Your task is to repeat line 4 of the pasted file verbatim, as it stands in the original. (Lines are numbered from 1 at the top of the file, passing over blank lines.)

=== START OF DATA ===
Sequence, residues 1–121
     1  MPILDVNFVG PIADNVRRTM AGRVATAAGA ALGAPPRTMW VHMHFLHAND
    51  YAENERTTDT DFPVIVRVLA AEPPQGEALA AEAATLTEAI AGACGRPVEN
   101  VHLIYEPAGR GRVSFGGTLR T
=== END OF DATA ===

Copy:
   101  VHLIYEPAGR GRVSFGGTLR T